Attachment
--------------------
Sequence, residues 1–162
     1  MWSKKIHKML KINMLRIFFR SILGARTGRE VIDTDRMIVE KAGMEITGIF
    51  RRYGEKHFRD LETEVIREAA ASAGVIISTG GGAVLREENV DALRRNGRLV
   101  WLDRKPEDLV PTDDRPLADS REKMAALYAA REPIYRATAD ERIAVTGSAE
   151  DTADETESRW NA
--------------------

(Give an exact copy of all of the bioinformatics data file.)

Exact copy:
Sequence, residues 1–162
     1  MWSKKIHKML KINMLRIFFR SILGARTGRE VIDTDRMIVE KAGMEITGIF
    51  RRYGEKHFRD LETEVIREAA ASAGVIISTG GGAVLREENV DALRRNGRLV
   101  WLDRKPEDLV PTDDRPLADS REKMAALYAA REPIYRATAD ERIAVTGSAE
   151  DTADETESRW NA